On Thursday, Arch Coal stock was up roughly 39 percent, at $7. That day 11.35 million shares traded hands compared to a daily average of about 2.55 million.
On Thursday, Arch Coal’s (NYSE:ACI) share price was up roughly 39 percent, at $7. That day 11.35 million shares traded hands compared to a daily average of about 2.55 million.
The company’s share price is still down about 96 percent, or $170, since the start of the year, as low coal prices continue to plague the industry. The situation has gotten so bad that fellow coal miners Alpha Natural Resources (OTCMKTS:ANRZQ), Walter Energy (OTCMKTS:WLTGQ) and Patriot Coal have filed for bankruptcy protection this year.
However, Arch Coal stock has gained back a few dollars over the last 10 days following reports that billionaire George Soros has been investing in the company. Soros has spent millions fighting climate change and the coal industry in particular, so the news came as a surprise to some.
H. Sterling Burnett, research fellow and managing editor at the Heartland Institute, told Fox News that while it’s possible the coal buy could be part of a climate action plan, he believes that Soros “helped to drive stocks down, bought as many shares as he can, and, when stocks rebound, he can sell his shares and make a huge profit.”
Peabody Energy (NYSE:BTU), which Soros has also invested in, was up 49 percent on heavy volume on Thursday, at $2.29, although its share price sank 10 percent in after-hours trading. Peabody is down 70 percent year-to-date.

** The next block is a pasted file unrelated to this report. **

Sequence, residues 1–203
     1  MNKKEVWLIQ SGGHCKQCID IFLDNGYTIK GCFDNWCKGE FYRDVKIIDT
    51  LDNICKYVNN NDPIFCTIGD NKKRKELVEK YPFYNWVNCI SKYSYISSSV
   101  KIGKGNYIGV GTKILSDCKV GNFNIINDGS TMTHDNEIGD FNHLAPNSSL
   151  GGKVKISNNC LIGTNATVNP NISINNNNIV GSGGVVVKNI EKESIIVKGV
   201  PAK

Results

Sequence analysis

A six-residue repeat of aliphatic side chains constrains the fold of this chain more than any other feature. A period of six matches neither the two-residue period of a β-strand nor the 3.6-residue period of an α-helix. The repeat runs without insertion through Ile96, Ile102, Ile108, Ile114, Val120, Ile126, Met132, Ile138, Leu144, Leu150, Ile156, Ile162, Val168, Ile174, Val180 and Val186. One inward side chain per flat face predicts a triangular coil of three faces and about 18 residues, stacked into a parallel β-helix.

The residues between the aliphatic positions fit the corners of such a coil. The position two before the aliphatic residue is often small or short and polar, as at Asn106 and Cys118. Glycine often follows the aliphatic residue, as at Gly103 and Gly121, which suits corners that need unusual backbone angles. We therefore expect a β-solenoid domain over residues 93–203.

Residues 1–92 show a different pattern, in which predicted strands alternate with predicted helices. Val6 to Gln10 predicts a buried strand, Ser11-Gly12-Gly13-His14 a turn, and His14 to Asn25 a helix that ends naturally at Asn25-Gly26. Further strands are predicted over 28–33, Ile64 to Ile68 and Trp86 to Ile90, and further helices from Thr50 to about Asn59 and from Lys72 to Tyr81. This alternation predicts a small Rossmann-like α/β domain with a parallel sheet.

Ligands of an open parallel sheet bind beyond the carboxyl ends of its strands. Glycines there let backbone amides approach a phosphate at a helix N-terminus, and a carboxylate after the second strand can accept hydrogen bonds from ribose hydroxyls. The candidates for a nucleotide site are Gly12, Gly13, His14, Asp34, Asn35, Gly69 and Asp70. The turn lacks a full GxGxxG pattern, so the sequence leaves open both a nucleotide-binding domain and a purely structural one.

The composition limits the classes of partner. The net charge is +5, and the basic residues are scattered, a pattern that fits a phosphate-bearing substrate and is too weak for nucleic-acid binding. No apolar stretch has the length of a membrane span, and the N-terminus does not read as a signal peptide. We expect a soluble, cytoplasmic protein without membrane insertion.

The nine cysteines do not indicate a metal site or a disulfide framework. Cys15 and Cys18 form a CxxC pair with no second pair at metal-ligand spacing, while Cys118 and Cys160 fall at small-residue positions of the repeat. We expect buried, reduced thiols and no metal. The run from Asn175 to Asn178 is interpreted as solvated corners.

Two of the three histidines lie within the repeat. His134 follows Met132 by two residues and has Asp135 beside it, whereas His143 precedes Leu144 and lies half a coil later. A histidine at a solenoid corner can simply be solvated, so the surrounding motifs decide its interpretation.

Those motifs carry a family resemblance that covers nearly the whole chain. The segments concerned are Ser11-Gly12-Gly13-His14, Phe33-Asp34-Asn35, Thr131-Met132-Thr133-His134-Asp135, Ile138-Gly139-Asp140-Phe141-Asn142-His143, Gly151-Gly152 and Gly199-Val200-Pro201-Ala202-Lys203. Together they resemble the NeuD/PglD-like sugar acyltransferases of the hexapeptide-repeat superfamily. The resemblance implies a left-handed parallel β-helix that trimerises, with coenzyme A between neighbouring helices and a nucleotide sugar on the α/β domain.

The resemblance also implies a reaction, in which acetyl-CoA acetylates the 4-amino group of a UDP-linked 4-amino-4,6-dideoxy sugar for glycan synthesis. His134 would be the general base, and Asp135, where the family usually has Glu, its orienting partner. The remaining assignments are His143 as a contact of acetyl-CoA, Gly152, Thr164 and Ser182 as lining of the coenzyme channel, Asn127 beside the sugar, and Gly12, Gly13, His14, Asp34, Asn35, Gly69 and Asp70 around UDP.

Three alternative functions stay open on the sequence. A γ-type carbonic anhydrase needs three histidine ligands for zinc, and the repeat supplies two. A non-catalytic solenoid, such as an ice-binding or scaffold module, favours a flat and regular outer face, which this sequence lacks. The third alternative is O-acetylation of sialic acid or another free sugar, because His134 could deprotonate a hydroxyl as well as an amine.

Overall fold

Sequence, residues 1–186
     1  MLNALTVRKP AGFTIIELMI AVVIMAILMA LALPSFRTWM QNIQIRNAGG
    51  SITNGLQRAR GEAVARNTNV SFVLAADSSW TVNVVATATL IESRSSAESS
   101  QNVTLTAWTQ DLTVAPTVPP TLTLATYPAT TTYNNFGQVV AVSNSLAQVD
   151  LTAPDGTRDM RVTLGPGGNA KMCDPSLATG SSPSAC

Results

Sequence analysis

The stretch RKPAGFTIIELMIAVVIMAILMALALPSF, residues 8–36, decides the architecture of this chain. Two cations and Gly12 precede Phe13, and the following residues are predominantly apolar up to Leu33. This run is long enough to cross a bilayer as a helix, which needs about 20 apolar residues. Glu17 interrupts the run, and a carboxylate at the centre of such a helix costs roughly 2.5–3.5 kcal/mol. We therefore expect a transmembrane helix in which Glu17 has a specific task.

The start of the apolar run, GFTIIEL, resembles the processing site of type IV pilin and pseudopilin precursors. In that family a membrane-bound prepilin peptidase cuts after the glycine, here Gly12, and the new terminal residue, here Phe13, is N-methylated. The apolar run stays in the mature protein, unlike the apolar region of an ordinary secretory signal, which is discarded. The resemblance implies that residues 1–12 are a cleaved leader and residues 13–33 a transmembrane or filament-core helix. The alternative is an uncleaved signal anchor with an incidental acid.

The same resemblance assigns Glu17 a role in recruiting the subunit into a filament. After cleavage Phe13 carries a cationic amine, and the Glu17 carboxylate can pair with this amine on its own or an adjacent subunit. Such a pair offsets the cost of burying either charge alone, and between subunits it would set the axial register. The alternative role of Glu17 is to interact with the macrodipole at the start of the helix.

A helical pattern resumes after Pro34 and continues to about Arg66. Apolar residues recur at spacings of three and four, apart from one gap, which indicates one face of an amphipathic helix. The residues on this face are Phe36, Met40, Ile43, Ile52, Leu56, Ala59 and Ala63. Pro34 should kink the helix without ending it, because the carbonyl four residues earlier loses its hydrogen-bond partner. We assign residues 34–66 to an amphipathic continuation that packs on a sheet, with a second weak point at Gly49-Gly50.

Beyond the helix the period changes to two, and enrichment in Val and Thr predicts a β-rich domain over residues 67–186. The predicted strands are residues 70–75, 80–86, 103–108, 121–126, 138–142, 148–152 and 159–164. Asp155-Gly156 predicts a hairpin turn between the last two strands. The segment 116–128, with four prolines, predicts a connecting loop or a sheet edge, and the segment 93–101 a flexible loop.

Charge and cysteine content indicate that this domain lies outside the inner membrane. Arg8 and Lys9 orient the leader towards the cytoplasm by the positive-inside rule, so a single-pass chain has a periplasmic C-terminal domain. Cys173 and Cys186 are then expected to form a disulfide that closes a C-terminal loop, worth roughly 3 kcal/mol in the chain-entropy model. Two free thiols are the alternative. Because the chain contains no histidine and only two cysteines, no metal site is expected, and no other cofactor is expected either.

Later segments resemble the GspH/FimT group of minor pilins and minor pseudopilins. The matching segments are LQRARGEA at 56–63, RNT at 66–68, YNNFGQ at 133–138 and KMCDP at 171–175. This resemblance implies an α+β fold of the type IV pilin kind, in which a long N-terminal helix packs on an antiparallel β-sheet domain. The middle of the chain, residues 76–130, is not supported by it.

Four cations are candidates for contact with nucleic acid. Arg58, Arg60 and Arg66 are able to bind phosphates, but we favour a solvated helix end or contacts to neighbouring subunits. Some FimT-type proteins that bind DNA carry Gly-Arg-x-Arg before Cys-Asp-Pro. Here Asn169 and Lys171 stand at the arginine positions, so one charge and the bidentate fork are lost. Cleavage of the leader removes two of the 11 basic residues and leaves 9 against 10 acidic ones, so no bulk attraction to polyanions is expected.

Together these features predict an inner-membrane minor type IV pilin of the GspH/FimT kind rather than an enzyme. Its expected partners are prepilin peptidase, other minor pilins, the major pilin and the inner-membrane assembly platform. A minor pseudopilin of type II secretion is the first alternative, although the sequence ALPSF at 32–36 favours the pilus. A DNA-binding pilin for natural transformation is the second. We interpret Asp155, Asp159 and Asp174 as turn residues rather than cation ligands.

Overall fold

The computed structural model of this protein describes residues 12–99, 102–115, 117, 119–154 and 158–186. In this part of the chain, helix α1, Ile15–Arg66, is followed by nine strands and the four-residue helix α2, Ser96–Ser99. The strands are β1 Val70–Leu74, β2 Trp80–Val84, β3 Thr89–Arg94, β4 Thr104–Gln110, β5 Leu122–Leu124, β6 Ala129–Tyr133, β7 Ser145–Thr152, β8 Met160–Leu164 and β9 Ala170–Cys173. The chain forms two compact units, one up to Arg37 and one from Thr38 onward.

Bankruptcy in the cards?
On August 18, Bloomberg reported that Arch Coal is seeking a compromise with lenders in order to avoid filing for bankruptcy. Some of the company’s senior lenders are opposing a debt-swap deal that would switch up to $2.38 billion worth of junior borrowings for senior debt, claiming that the move violates terms of their loan agreement.
The group sent a letter to Arch Coal’s term loan administrative exchange agent on July 28, directing the agent not to cooperate with Arch’s exchange offer and the establishment of a new term loan. Arch Coal argued that the assertions that it has violated its credit agreement are without merit, and stated that it “intends to contest them vigorously.”
The company extended a deadline for private debt exchange offers to August 28. Bloomberg also states that junior creditors are discussing their options with the company in case the deal fails, including whether to sue senior lenders for making a bad situation worse.
That might not sound like great news for Arch Coal stock, and indeed, some market watchers were wary about the rally in coal stocks on Thursday:
— StockTwits (@StockTwits) August 27, 2015
While others quipped that following George Soros in down markets might be a good idea:
At least one market watcher drew attention to Friday’s debt-swap deadline:
While still others warned that the rise was merely a short-covering rally:
Proof this is nothing but short-covering rally: Arch Coal top NYSE gainer(+33%),Google(virtually no shorts)is down. Cover rallies don’t last
— fred hickey (@htsfhickey) August 27, 2015
Certainly, the change is an interesting one to follow, and investors will no doubt be watching Arch Coal stock closely as Friday’s deadline looms.
Securities Disclosure: I, Teresa Matich, hold no investment interest in any companies mentioned.